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COVID-19 vaccine efficacy fades over time: Study


Jolyon Attwooll


25/08/2021 5:08:58 PM

Vaccine-induced immunity against infection appears to slowly reduce as months pass, but evidence around hospitalisation is less clear. What does this mean for boosters in Australia?

AstraZeneca and Pfizer vials.
The efficacy of AstraZeneca and Pfizer vaccines appears to reduce over time. (Image: AAP)

A pre-print study investigating how well COVID-19 vaccines protect against infection shows they are effective against Delta, but less so as time goes on.
 
The analysis, a collaboration led by researchers at the University of Oxford, assessed the rate of infection in randomly selected private households across the UK.
 
It showed that while Pfizer offers higher protection following a second dose compared to AstraZeneca – defined by measuring the viral burden detected via an RT-PCR diagnostic test – its protection fades faster.
 
The research also suggests that the Delta strain causes higher viral burdens in those infected post-vaccination than the previous Alpha variant.
 
However, while the results indicate that efficacy may drop substantially as time passes – in Pfizer’s case by as much as 22% for every 30 days after the second dose – the authors wrote that they do not suggest any conclusive requirement for follow-up booster injections.
 
‘Whilst protection against hospitalisation and death is maintained, “booster” vaccinations may not be needed, particularly since infection post vaccination may provide a natural antibody boost,’ the authors write.

‘However, declines in immunity against infection demonstrate this needs to be monitored closely.’
 
Peter Collignon, an infectious diseases professor at the Australian National University Medical School, believes the results reinforce the underlying assumption that the vaccines are effective.
 
‘[They] show the vaccines work; they also show you may get some waning of immunity,’ he told newsGP.
 
‘Every vaccine fades over time, that’s not a real surprise. To my mind, the main point of the vaccines is to stop you dying and to stop you getting seriously ill as judged by hospitalisation.’
 
Both vaccines reached roughly the same efficacy rates in protecting against infection from Delta after around 4–5 months, the study authors conclude.
 
Those with signs of previous COVID-19 infection showed the strongest resistance after being vaccinated, the analysis showed – a finding that could spur those who have previously had the virus to get vaccinated.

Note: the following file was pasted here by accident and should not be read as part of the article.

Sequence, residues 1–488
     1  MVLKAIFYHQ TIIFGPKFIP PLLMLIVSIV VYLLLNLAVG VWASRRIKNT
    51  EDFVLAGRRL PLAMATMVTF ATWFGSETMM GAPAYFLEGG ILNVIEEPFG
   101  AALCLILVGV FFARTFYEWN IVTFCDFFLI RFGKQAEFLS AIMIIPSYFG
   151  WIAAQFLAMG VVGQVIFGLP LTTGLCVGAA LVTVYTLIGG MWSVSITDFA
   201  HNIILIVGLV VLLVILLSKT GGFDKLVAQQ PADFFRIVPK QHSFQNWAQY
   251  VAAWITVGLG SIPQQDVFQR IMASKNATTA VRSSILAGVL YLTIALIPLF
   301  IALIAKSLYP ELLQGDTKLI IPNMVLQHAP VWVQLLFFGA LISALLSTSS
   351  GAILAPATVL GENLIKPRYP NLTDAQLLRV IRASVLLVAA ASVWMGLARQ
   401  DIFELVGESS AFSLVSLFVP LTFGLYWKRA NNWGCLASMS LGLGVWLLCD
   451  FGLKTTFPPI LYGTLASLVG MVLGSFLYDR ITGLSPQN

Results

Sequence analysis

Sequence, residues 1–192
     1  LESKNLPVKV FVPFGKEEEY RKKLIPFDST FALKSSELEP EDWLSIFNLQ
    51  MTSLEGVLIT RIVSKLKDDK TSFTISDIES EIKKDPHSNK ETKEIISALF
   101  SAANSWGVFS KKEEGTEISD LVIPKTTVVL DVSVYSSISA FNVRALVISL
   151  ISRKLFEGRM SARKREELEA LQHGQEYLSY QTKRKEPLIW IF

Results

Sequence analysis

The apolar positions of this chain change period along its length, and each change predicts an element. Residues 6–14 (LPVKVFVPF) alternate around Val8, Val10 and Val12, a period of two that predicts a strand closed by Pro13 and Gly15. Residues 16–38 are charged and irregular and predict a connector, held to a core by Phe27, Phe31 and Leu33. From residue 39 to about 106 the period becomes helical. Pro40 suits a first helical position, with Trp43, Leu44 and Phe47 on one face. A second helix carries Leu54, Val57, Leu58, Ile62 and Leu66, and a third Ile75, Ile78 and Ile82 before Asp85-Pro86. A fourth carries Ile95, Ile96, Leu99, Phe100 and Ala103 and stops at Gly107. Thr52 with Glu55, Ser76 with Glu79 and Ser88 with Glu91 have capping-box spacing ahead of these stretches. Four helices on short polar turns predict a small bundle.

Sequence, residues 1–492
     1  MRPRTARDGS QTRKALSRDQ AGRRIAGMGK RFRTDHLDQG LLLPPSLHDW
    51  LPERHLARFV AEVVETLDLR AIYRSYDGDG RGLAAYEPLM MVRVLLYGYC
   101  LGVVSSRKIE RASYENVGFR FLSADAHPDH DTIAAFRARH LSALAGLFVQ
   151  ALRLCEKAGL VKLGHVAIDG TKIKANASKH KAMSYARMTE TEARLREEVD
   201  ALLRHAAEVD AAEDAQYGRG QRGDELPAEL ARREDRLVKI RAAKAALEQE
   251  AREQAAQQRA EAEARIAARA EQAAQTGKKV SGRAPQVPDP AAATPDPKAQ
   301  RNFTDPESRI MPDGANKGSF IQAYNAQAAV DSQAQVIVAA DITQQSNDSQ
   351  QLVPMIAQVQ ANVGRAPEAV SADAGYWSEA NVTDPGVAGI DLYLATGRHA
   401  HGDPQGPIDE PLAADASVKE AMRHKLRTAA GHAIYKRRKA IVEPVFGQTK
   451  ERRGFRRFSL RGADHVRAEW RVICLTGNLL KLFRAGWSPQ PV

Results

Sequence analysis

The need for boosters has been carefully scrutinised recently as more countries follow the lead of Israel, the first nation to begin administering a third injection to the wider population.
 
The US Centers for Disease Control and Prevention (CDC) also recently revealed plans for a booster program, although the announcement did not cite concrete evidence that waning immunity will result in people being more at risk of chronic illness.
 
‘The current protection against severe disease, hospitalisation, and death could diminish in the months ahead, especially among those who are at higher risk or were vaccinated during the earlier phases of the vaccination rollout,’ the CDC said.
 
Professor Collignon does not believe existing data shows conclusively that protection afforded by Australia’s vaccines declines significantly against severe disease – although he says this needs to be watched closely.
 
He is also concerned that booster programs in developed nations will divert vaccines from poorer countries that need them more.

‘The problem with boosters is that is another big supply of vaccine you need, and as WHO [the World Health Organization] points out, you’re giving a third shot in western countries when [some] haven’t even had a first shot,’ Professor Collignon said.
 
‘That’s an equity issue. Also, there is no convincing evidence – if your endpoint is preventing serious disease and death – that you actually need them.’
 
A report on the study in the medical journal Nature concludes that Pfizer is around 92% effective at stopping people from developing a high viral load 14 days after the second dose.
 
Nature reports the study as showing the vaccine’s efficacy declined to 90% after 30 days, 85% after 60 days and 78% after 90 days. AstraZeneca’s efficacy began at 69% a fortnight after the second dose, falling to 61% after 90 days, the journal reports.
 
There was some limited data on the use of the Moderna vaccine – due to be available in Australia from next month – but not enough to draw conclusions on its efficacy after two doses.
 
One of the researchers, Professor Sarah Walker, said the results are encouraging for patients who have been vaccinated with AstraZeneca and Pfizer. But she also said there was not enough data to indicate the exact infectious period for vaccinated people and believes the study reinforces the need for a cautious approach, even after vaccination.